HIV Prevention Research: Green Tea Shows Anti-HIV Activity


HIV/AIDS News Updates

HIV prevention research shows green tea is broad-spectrum

Almost 20 years of AIDS/HIV prevention research have shown that green tea antioxidant catechins (a group of green tea polyphenols), especially EGCG, the strongest antioxidant catechin, have anti-HIV activity “in each step of the HIV life cycle” (Yamaguchi, 2002).

These studies have not progressed beyond cell and animal studies, and are considered preliminary.

Results of green tea HIV prevention research show that green tea catechins, particularly EGCG,

  • destroys viral particles
  • blocks viral attachment to cells
  • prevents viral entry into cells
  • slows reproduction of viruses
  • protects RNA and DNA integrity to reduce mutations
  • can be effective with drug resistant viruses
  • protects against secondary damage from viruses

Green tea blocks HIV entry into cells

Current HIV prevention research is focusing on preventing the entry of HIV into cells.

HIV will enter T4 cells (anti-viral lymphocytes, or white blood cells from your immune system) at a site called the CD4 molecule on the T4 cell wall.

The HIV virus uses its envelope glycoprotein called gp120 to attach to the CD4 site.

When attachment is successful, the virus can enter the cell, taking over the genetic material, replicating, using up all the cell’s resources, killing the cell, then exiting and repeating the process until the infected individual dies.

Several studies show that EGCG, the primary green tea catechin bonds more strongly to CD4 than the HIV virus gp120, thus blocking gp120 and preventing HIV from entering the T4 cell.

  • Using flow cytrometry, EGCG is seen bonding directly to CD4, inhibiting gp120 bonding and blocking HIV entry into cells (Kawai, 2003).
  • EGCG binds with CD4 with a stronger chemical affinity than gp120, thus blocking gp120-CD4 binding (Hamza, 2006).
  • Using nuclear magnetic resonance spectroscopy, EGCG showed strong binding to CD4 which reduced gp120 binding. Other green tea catechins showed weaker results (Williamson, 2006).

Green tea slows reverse transcriptase (HIV-1 RT)

HIV needs a viral enzyme called reverse transcriptase to make a DNA copy before it can reproduce.

Inhibiting reverse transcriptase reduces the capacity of HIV to reproduce.

  • EGCG from green tea strongly inhibited replication of two strains of HIV as determined by reverse transcriptase inhibition (Fassina, 2002).
  • EGCG, EGC and ECG (two other green tea catechins), and GTE (green tea extract) are all potent inhibitors of HIV-1 RT (Chang, 1994, Tao, 1992)
  • Both EGCG and ECG strongly inhibit reverse transcriptase (Nakane and Ono, 1989, 1990, Austin 1992)
  • One study found that the weaker green tea catechins did not slow reverse transcriptase, but green tea catechins together with EGCG significantly inhibited reverse transcriptase (Tichopad, 2005).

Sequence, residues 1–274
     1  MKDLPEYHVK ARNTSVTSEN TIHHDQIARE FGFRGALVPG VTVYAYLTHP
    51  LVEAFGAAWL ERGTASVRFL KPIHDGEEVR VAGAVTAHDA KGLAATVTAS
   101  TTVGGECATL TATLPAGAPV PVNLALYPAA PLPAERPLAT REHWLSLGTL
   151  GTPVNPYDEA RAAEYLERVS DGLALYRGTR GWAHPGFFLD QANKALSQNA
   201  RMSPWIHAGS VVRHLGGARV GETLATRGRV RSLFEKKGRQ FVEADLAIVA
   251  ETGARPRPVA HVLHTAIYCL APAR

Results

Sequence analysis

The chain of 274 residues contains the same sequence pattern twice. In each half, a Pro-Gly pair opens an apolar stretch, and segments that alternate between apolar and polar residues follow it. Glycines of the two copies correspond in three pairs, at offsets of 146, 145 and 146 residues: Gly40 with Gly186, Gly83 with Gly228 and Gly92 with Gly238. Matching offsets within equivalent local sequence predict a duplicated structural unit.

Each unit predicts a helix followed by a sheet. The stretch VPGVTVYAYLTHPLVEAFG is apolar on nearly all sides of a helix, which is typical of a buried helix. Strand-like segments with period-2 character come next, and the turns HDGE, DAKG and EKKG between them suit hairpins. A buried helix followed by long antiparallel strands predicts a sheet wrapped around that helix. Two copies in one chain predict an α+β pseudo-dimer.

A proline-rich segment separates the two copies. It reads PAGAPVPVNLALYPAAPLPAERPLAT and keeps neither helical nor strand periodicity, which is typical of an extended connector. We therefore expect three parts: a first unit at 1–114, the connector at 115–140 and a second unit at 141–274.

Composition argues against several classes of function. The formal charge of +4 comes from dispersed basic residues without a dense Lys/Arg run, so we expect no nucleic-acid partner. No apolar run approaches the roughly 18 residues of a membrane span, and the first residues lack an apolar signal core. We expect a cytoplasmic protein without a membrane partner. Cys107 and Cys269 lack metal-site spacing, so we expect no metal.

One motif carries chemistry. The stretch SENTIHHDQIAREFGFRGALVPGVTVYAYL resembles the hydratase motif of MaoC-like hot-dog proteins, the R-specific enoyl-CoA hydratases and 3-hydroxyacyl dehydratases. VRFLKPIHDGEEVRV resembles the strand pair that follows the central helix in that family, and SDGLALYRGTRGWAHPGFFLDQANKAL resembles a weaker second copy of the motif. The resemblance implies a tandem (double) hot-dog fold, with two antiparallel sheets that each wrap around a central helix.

More potential green tea benefits for HIV prevention and AIDS prevention

  • Green tea has shown stimulated production of healthy lymphocytes up to 300%.

  • Green tea has shown stimulated production of immune system killer cells up to 400%.

  • Green tea protects against many secondary intestinal infections which can lead to “wasting".

  • Green tea may protect against AIDS-related dementia. In the majority of people with HIV AIDS, the central nervous system is infected with HIV. The most severe cases develop into dementia, mediated by the activation of pro-inflammatory cytokines. These cytokines (IFN-gamma) make HIV-1 more toxic to nerve cells and enhance the actions of HIV gp120.

    EGCG from green tea reduces nerve damage from this pathway as shown in studies on brain ischemia (stroke), and new studies show that EGCG inhibits the JAK/STAT1 pathway of cytokine IFN-gamma neurotoxicity (Giunta, 2006).

  • Green tea is active even with drug resistance. Green tea catechins like EGCG protect DNA and RNA, thus reducing the genetic mutations that can lead to drug resistance. Also, research has shown that green tea is an effective antibiotic even with the “drug resistant superbugs” or MRSA, methicillin-resistant staphylococcus.

  • Almost all green tea research shows that significant effectiveness begins with an intake of five cups daily and levels off at ten cups daily.

  • Note: one study found that green tea had no apparent anti-HIV activity (Okayasu, 2003).

Can black tea help?

One study found that both green and black tea are active against HIV through multiple mechanisms.

Theaflavins, the primary antioxidant polyphenols from black tea, are more potent than green tea catechins as HIV-1 entry inhibitors targeting gp41 (Liu, 2005).

AIDS prevention

AIDS is prevented by preventing infection from the HIV virus.

Unfortunately, with both blood and sexual transmission, prevention has proven to be a monumental task.

Over 40 million people are infected with HIV and over 25 million have died since the epidemic began.

After 20 years, green tea HIV prevention research is still considered preliminary.

But if green tea catechins ever prove to be an important part of preventing HIV infections, one consideration is supply.

Currently, enough tea is grown and transported to allow 2/3 of the world’s population to drink tea daily.

While most of the tea is processed into black tea, it is actually easier to process tea leaves into green tea.

The cost of drinking ten cups of green tea every day or taking green tea extract supplements in the United States averages about $15 a month.

Everyone who is HIV positive should be under the care of a licensed health care provider and can consult with their provider to determine if green tea can be a part of their HIV prevention and control program.

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This page last updated by Sharon Jones.

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